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 Table of Contents  
SPECIAL ARTICLE
Year : 2020  |  Volume : 22  |  Issue : 1  |  Page : 5-11

A survey of practices to diagnose, manage, prevent and control COVID-19 from 28 centres


1 Department of Microbiology, Tata Medical Centre, Kolkata, West Bengal, India
2 Department of Microbiology, Global Hospital, Hyderabad, Telangana, India
3 Department of Microbiology, Sree Chitra Tirunal Institute for Medical Sciences and Technology, Thiruvananthapuram, Kerala, India
4 Department of Microbiology, Regional Cancer Centre, Thiruvananthapuram, Kerala, India
5 Department of Microbiology, Government Medical College, Kollam, Kerala, India
6 Department of Microbiology, Government Medical College, Kozhikode, Kerala, India
7 Department of Microbiology, Government Tirumala Devaswam Medical College, Alappuzha, Kerala, India
8 Department of Microbiology, Jubilee Mission, Thrissur, Kerala, India
9 Department of Microbiology, Bhima Bhoi Medical College and Hospital, Balangir, Odisha, India
10 Department of Microbiology, Burjeel Medical City, Abu Dhabi, UAE
11 Department of Microbiology, Deenanath Mangeshkar Hospital, Pune, Maharashtra, India
12 Department of Microbiology, Father Muller Medical College, Mangalore, Karnataka, India
13 Department of Microbiology, Fortis Escorts Hospital, Jaipur, Rajasthan, India
14 Department of Microbiology, Government Medical College, Anantapur, Andhra Pradesh, India
15 Department of Microbiology, Government Medical College, Thrissur, Kerala, India
16 Department of Microbiology, JSS Hospital, Mysore, Karnataka, India
17 Department of Microbiology, Maharaja Krishna Chandra Gajapati Medical College and Hospital, Berhampur, Odisha, India
18 Department of Microbiology, People Tree Hospitals, Bengaluru, Karnataka, India
19 Department of Parasitology, Postgraduate Institute of Medical Education and Research, Chandigarh, India
20 Department of Microbiology, Prashanth Super Specialty Hospital, Chennai, Tamil Nadu, India
21 Department of Microbiology, Rajarajeswari Medical College and Hospital, Bengaluru, Karnataka, India
22 Department of Microbiology, SL Raheja Hospital, Mumbai, Maharashtra, India
23 Department of Microbiology, Saveetha Medical College, Kanchipuram, Tamil Nadu, India
24 Department of Microbiology, Shimoga Institute of Medical Sciences, Shimoga, Karnataka, India
25 Department of Microbiology, Sree Gokulam Medical College and Research Foundation, Thiruvananthapuram, Kerala, India
26 Department of Microbiology, Sri Ramachandra Medical College and Research Institute, Chennai, Tamil Nadu, India
27 Department of Microbiology, DDRCSRL Diagnostics Private Limited and SUT Hospital, Thiruvananthapuram, Kerala, India
28 Department of Microbiology, ABVIMS and Dr. Ram Manohar Lohia Hospital, Delhi, India
29 Department of Microbiology, AIIMS, Jodhpur, Rajasthan, India

Date of Submission11-Jul-2020
Date of Decision13-Jul-2020
Date of Acceptance27-Jul-2020
Date of Web Publication13-Aug-2020

Correspondence Address:
Dr. Sanjay Bhattacharya
Department of Microbiology, Tata Medical Centre, Kolkata, West Bengal
India
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Source of Support: None, Conflict of Interest: None


DOI: 10.4103/jacm.jacm_21_20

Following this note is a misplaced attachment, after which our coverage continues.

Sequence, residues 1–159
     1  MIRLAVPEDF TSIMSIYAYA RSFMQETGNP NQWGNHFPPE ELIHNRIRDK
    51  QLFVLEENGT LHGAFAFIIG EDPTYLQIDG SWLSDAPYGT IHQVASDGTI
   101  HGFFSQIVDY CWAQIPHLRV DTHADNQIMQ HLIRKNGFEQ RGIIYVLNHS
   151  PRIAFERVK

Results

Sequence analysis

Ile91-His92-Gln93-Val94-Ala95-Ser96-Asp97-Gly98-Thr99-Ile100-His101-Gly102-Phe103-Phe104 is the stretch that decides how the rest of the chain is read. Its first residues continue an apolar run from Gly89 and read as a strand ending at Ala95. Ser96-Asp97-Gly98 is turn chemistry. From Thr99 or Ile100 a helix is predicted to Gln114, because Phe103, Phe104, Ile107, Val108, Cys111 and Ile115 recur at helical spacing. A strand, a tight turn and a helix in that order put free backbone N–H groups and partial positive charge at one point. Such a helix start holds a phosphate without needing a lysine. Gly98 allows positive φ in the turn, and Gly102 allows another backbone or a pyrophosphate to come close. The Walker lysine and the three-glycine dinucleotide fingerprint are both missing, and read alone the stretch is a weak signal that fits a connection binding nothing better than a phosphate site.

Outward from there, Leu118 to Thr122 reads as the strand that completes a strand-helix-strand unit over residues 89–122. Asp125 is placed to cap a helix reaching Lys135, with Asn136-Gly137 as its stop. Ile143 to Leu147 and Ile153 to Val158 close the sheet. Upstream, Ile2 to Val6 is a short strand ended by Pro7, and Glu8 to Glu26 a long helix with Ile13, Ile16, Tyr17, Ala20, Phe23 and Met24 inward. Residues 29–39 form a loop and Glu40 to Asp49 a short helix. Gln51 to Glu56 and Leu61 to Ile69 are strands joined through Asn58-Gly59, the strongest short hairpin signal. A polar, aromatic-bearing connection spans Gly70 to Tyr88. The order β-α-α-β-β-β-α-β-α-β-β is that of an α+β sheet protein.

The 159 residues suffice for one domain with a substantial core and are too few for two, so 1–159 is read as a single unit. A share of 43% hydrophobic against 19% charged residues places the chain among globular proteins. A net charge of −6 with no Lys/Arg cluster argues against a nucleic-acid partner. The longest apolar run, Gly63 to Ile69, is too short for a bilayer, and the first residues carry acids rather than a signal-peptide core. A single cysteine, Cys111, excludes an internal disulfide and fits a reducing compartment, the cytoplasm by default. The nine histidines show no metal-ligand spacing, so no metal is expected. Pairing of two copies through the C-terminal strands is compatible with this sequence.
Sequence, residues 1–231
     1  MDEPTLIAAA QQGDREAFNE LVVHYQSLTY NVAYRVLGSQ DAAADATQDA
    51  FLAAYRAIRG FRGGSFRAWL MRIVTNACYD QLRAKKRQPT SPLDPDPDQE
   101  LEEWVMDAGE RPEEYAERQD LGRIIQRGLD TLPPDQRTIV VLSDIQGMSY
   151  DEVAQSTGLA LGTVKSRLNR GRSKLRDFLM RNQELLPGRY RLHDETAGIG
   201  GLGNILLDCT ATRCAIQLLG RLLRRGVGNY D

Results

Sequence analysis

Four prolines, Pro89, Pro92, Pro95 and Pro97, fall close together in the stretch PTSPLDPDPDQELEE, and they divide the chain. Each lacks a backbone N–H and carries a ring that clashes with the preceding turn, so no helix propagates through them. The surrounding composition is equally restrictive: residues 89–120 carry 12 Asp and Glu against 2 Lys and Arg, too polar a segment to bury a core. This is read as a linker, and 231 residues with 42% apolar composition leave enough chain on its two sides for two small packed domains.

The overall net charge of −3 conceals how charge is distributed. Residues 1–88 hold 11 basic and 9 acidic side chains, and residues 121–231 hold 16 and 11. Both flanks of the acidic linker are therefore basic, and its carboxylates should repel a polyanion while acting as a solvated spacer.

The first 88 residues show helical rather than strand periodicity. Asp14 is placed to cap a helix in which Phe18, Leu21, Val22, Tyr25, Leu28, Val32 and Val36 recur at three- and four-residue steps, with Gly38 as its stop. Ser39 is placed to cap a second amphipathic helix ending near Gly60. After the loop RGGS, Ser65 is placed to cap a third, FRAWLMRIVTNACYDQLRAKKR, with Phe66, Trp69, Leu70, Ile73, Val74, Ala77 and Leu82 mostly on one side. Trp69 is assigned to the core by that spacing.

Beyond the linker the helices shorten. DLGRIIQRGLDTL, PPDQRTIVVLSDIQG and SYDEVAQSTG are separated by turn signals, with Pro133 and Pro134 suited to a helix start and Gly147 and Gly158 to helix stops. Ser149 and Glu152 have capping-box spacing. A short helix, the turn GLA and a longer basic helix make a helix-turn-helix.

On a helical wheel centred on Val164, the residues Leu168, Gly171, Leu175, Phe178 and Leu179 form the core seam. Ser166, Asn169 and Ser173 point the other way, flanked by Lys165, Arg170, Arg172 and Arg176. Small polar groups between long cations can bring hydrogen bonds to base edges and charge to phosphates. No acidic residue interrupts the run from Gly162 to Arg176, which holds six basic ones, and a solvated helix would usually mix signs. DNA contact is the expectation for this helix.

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How to cite this article:
Bhattacharya S, Iyer R, Raja K, Joy VM, Bijulal SR, George K, Goel G, Santosh S, Madhavan A, Ardra M, Dash D, Oommen S, Joe G, Shetty AK, Gupta YK, Prabhakar M S, Vengilat DH, Philomina J B, Sujatha S R, Hotta S, Gandhi C, Sehgal R, Kirupa S, Sampath S, Mamtora DK, Kalyani M, Koppad M, Ashish J, Santhi M, Nair S, Sinha KK, Neetha T R. A survey of practices to diagnose, manage, prevent and control COVID-19 from 28 centres. J Acad Clin Microbiol 2020;22:5-11

How to cite this URL:
Bhattacharya S, Iyer R, Raja K, Joy VM, Bijulal SR, George K, Goel G, Santosh S, Madhavan A, Ardra M, Dash D, Oommen S, Joe G, Shetty AK, Gupta YK, Prabhakar M S, Vengilat DH, Philomina J B, Sujatha S R, Hotta S, Gandhi C, Sehgal R, Kirupa S, Sampath S, Mamtora DK, Kalyani M, Koppad M, Ashish J, Santhi M, Nair S, Sinha KK, Neetha T R. A survey of practices to diagnose, manage, prevent and control COVID-19 from 28 centres. J Acad Clin Microbiol [serial online] 2020 [cited 2020 Sep 27];22:5-11. Available from: http://www.jacmjournal.org/text.asp?2020/22/1/5/291892




  Introduction Top


Coronavirus disease (COVID) caused by SARS-CoV-2 has emerged as a major public health problem in India as well globally.[1],[2] Many authoritative guidelines and practice recommendations have been published. Despite the presence of multiple guidelines and government advisories, the actual situation or ground reality with regard to policies and practices are not well known. Understanding the real situation at COVID-testing centres and COVID-treating hospitals would give a much-needed insight and may help re-calibration of recommendations and make them more implementable. The objective of this article is to survey the actual practices regarding diagnosis, treatment and prevention of COVID in various healthcare facilities within India.


  Materials and Methods Top


The survey was conducted in the months of May and June 2020 through an online questionnaire using Google Forms software which provided opportunities to participate in the survey and provide answers. The survey link was emailed to the microbiologists within the organisation, 'The Academy of Clinical Microbiologists', as well as microbiologists outside this organisation. The questions for the survey were selected by a panel of clinical microbiologists representing the editorial board of the Journal of Academy of Clinical Microbiologists. The answers to this survey were collated in an Excel format and duplicate answers, if any, from the same centre was excluded. If there were conflicting answers given by two respondents from the same centre, telephonic conversation was held to clarify ambiguities.


  Results Top


Types of healthcare facilities and labs